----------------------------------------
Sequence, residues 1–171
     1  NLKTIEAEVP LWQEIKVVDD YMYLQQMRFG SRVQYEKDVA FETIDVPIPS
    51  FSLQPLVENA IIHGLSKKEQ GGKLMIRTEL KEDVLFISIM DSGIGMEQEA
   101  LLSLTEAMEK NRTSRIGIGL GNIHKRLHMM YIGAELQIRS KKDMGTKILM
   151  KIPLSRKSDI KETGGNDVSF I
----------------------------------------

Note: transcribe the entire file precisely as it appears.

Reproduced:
Sequence, residues 1–171
     1  NLKTIEAEVP LWQEIKVVDD YMYLQQMRFG SRVQYEKDVA FETIDVPIPS
    51  FSLQPLVENA IIHGLSKKEQ GGKLMIRTEL KEDVLFISIM DSGIGMEQEA
   101  LLSLTEAMEK NRTSRIGIGL GNIHKRLHMM YIGAELQIRS KKDMGTKILM
   151  KIPLSRKSDI KETGGNDVSF I